Rolling Thunder 2 (ローリングサンダー2 Rōringu Sandā Tsū?) is an arcade game by Namco released in 1991. It is the sequel to 1986's Rolling Thunder and retains the same run and gun gameplay of its predecessor, adding cooperative gameplay for 2-Players and improved graphics. Unlike the original Rolling Thunder, which was set in the 1960s, Rolling Thunder 2 features a more contemporary setting to go along with its more futuristic designs. A Mega Drive port was released in 1991. Both, the coin-op game and the Mega Drive version, were released for the Wii Virtual Console.
Set in the 1990s, the Geldra organization, thought to had been destroyed during the first game, returns and are destroying several of the worlds' satellites in outer space. Like the previous game, the player takes control of a member of WCPO's Rolling Thunder task force. Up to two players can now play simultaneously, with Player 1 as female agent Leila and Player 2 as male agent Albatross. Although outside their different appearances (including different handguns), the two characters have identical abilities.
The graphics are noticeably improved over the previous game and have a decidedly more futuristic look to go along with the game's modern setting. The game's common enemy character, the Maskers, which were previously designed to look like hooded terrorists, are now cyborgs. Likewise, the game has more varied stage designs, with the first four stages taking place in a seaside resort in Florida and the last four stages in a pyramid in Egypt (both locations are actually camouflaged Geldra bases).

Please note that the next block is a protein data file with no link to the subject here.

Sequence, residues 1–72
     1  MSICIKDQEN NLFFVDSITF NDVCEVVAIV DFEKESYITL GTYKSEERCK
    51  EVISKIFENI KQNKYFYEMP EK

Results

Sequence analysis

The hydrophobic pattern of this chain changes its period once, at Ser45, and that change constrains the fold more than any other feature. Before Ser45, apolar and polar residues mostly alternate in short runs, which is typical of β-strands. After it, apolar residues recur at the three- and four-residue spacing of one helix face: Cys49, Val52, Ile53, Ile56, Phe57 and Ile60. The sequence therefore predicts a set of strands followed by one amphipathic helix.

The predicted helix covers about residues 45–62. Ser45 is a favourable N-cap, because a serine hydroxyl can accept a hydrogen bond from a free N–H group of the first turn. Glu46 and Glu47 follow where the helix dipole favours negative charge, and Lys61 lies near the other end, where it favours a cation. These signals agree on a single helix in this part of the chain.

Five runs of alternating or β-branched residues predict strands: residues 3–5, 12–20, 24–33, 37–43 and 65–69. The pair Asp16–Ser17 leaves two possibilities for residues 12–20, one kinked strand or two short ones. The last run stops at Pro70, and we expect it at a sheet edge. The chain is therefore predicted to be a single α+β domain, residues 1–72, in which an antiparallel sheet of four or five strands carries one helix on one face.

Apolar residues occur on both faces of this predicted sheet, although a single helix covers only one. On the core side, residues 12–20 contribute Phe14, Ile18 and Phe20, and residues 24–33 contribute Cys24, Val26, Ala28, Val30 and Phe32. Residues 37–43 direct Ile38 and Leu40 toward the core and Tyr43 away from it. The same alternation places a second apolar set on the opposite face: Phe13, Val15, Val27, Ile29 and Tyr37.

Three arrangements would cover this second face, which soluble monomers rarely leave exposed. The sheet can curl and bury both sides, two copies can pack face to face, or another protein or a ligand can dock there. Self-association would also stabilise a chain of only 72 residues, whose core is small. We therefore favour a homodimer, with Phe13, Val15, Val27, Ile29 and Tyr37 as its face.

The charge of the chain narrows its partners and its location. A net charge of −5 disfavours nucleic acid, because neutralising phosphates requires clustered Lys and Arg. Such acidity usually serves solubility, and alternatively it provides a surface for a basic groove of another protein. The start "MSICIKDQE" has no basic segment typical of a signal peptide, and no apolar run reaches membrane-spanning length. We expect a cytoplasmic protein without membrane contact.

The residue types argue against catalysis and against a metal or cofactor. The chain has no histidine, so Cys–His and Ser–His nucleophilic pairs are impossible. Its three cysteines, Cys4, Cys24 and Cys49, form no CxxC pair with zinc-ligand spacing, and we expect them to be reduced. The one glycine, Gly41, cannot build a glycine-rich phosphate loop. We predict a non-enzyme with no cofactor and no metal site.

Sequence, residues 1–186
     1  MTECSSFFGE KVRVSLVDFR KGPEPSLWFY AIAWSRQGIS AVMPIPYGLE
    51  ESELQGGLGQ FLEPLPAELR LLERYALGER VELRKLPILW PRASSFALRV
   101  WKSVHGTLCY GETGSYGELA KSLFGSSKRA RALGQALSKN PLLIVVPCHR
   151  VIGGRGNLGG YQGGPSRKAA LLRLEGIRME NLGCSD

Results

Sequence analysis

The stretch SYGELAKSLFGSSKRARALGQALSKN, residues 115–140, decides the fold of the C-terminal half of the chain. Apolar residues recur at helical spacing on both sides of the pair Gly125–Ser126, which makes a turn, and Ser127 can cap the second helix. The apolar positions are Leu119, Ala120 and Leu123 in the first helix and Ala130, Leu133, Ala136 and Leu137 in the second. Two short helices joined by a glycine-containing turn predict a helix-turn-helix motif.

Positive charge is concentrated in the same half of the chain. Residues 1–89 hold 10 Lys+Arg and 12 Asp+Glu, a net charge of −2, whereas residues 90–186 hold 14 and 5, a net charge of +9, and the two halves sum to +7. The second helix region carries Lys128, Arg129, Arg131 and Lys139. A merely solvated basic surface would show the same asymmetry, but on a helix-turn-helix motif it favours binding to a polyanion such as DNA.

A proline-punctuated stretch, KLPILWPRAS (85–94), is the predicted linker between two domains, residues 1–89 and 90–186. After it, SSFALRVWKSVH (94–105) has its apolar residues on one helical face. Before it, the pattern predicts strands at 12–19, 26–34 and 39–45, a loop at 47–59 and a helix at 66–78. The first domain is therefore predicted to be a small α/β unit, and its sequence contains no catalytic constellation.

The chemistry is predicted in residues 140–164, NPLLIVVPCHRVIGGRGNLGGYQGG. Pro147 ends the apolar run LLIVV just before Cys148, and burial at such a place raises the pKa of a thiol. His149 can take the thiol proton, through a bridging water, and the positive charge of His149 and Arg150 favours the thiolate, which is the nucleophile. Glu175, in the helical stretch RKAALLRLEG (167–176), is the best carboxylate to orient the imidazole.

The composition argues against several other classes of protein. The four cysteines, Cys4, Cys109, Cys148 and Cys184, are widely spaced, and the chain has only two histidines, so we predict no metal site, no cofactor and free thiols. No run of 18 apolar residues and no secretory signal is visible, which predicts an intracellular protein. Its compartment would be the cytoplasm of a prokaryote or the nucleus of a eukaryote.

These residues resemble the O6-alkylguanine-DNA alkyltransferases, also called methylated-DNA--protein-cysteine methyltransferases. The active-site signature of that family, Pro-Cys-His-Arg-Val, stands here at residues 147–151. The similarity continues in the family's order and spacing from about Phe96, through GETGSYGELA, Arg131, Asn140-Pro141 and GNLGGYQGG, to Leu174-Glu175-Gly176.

The player's character is armed with a default pistol that has only limited ammo. When bullets run out, the player's gun will fire a slow chase bullet instead. The player can also upgrade to a semi-automatic rifle by entering marked doors. When entering one of these marked doors, a counter will displayed showing the remaining bullets left to be picked up (allow one player to leave ammo for the other).
The Mega Drive ports differs from the arcade original by its inclusion of cut scenes before each stage consisting of a single static images displayed above a scrolling text that narrates the story's progression. There are also three additional stages not found in the original arcade version that take place between the arcade's original stages. These stages stand out from their arcade counterparts due to the presence of different upgradeable weapons (either, a flamethrower or a pulse shot) and end-stage bosses. The Genesis version also features hidden power-ups in unmarked doors such as time extensions, life recovery, and extra lives. Like in the NES port of the first game, a password feature has which uses full sentences instead of numerals (such as A Private Thunder Created the Powder) and a harder difficulty level after completing the normal game.